NEW YORK — Four years ago, PayPal set out to break the Guinness World Record for the most money raised online for charity in 24 hours.
Donors gave more than $45.8 million to charities via the payment platform during #GivingTuesday, the annual charitable campaign on the Tuesday after Thanksgiving. This year the company may best its total for 2018, when $98 million was raised on its platform. And PayPal is just one of many platforms that process charitable donations.
While much is made of big corporations and multibillionaires giving large sums of money in highly publicized gifts, there is also great power to the collective giving of millions of individuals around the globe. That power can often be multiplied when all entities work together to spur each other on.
The philanthropic movement that coalesced around #GivingTuesday started in 2012, spurring donations so far of more than $1 billion in the United States alone. What started within the 92nd Street Y in New York is now an independent organization that coordinates the efforts of over 200 communities in the United States and 61 countries to increase generosity.
Asha Curran co-founded the original movement and is now CEO of the new organization called GivingTuesday. Curran spoke with Reuters about how corporations, communities and individuals come together to fuel charitable giving.
Q: Much of the corporate effort for #GivingTuesday centers on offering matching gifts. How do you tabulate that if those funds come in after the official day is over?
A: Matching is one of the best possible tactics, because it’s such an easy lift. There is not months of planning. And matches are almost always met.
It is very hard to measure what happens in a 24-hour period, so we have deliberately not counted matching gifts. Until this year — actually, we’re going to do that for the first time.
We know a bunch of them that were announced. There are a lot of smaller matches of the six-figure variety.
Q: What other efforts do you see besides matching from companies?
A: What I like to see is collaboration. I love to see competitors coming together to present a united front for common good. It can take all sorts of forms.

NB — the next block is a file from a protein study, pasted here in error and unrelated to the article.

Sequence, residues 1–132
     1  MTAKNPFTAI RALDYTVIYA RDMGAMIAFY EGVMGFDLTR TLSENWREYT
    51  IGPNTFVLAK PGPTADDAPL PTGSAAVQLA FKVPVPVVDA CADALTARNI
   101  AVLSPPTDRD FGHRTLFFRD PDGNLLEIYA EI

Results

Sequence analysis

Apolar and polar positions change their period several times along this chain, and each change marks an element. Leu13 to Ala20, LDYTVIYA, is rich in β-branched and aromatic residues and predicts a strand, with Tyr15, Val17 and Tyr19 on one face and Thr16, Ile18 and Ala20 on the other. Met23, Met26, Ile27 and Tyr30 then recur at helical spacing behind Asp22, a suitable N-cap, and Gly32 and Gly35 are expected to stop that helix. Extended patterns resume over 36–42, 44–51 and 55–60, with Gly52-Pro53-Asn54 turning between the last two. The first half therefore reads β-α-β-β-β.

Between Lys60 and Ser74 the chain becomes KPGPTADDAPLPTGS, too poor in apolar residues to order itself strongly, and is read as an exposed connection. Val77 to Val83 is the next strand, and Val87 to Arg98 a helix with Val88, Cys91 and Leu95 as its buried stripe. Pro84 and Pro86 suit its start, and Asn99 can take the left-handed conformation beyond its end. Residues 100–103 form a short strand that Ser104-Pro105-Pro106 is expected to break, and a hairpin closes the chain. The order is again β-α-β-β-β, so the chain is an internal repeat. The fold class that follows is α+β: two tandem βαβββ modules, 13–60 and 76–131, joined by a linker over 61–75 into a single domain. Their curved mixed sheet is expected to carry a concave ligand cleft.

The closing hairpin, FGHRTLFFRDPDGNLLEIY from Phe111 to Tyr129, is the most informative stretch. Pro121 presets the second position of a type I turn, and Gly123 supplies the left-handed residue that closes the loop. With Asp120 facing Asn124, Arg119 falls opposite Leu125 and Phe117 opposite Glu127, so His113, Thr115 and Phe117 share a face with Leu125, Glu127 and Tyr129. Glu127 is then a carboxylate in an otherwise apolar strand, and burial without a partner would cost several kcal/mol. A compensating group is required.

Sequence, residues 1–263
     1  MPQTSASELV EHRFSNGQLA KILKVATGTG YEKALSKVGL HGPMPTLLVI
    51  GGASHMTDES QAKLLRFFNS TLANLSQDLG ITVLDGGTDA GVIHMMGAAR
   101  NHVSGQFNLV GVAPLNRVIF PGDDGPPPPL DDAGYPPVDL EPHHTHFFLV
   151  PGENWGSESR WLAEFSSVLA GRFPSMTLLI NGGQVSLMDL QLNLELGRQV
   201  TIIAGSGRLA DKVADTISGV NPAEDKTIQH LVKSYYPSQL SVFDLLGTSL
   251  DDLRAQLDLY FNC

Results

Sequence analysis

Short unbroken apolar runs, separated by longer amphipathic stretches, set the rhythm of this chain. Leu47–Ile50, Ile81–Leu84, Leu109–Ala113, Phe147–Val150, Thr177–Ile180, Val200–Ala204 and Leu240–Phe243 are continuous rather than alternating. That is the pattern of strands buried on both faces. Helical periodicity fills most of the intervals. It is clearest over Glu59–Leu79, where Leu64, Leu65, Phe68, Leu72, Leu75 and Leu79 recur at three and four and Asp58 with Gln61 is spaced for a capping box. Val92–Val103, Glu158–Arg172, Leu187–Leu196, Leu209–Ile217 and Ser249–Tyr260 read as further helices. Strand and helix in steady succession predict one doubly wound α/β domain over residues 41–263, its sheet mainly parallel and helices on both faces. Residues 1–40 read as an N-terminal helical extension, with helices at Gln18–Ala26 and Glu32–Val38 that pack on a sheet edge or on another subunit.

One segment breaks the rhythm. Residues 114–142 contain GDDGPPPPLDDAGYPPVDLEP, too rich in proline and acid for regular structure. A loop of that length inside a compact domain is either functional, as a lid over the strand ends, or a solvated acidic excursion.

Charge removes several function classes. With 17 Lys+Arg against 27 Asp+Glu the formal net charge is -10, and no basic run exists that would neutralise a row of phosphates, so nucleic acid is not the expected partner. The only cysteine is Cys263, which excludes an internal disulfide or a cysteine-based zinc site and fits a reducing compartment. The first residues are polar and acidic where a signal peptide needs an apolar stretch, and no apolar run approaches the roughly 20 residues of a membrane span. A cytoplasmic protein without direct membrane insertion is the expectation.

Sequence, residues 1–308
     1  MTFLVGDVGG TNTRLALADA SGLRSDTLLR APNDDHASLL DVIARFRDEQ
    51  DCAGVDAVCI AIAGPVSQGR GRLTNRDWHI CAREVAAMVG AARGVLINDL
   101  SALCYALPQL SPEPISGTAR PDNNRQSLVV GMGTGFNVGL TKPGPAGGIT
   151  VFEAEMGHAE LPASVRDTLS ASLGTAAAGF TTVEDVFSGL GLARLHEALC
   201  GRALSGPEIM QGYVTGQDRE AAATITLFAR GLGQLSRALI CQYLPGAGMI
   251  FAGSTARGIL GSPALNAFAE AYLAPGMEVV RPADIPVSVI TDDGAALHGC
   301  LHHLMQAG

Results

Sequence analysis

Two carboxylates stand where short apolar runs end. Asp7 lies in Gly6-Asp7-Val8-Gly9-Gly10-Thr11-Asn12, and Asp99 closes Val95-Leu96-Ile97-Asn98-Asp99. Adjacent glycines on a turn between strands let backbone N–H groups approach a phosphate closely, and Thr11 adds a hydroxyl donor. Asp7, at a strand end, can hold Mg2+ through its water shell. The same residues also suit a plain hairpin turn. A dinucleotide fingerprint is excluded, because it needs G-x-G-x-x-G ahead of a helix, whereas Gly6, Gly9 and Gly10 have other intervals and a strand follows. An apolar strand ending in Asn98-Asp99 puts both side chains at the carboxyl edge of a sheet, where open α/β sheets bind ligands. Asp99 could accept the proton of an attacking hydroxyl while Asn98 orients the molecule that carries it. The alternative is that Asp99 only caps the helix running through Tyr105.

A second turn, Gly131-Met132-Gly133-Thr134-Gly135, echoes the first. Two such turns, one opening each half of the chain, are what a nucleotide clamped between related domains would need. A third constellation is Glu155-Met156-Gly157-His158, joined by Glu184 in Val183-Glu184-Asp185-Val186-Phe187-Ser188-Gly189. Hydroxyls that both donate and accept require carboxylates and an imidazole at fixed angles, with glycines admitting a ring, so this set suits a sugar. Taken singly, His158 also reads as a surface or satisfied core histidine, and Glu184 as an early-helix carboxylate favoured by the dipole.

It works just as well for a Main Street small business as a multinational company. Some of the best stories we’ve seen have been like a local pizza parlor that donates half of the proceeds from every slice to a local animal shelter on #GivingTuesday.
It doesn’t have to be huge. It’s often those small activations that show a community’s solidarity. Anything that creates stronger bonds is something to be valued.
Q: How do you advise companies to develop what works for them?
A: We don’t do much one-on-one coaching anymore, but we advise them to ask what ideally would you like to get out of this? Better employee retention? Bigger brand awareness? Bigger value awareness?
Start with what you want, then start thinking about activation. With some companies, it’s just employee-facing. It’s a good opportunity to say to employees that we care what you believe.
Q: How does it work for companies when their focus is more on customers and audience?
A: We have gone from a time when companies were just making a cursory impact to now where people are demanding that businesses they shop from be closely aligned with their values.
There’s public pressure, so the way corporations respond manifests in many ways. From a #GivingTuesday perspective, what we’d advise is to tap into the full spectrum of generosity.
The more personalized, the better. What are the values that a company holds dearly? What will feel genuine and authentic?
Q: At the end of this year’s #GivingTuesday, you will come up with a number of what was donated that day. What about all the giving that does not show up on your ticker?
A: Most of what #GivingTuesday accomplishes is immeasurable. That doesn’t make it one bit less important. You take all the stories about the strengthening of community bonds — you can’t put that on a ticker.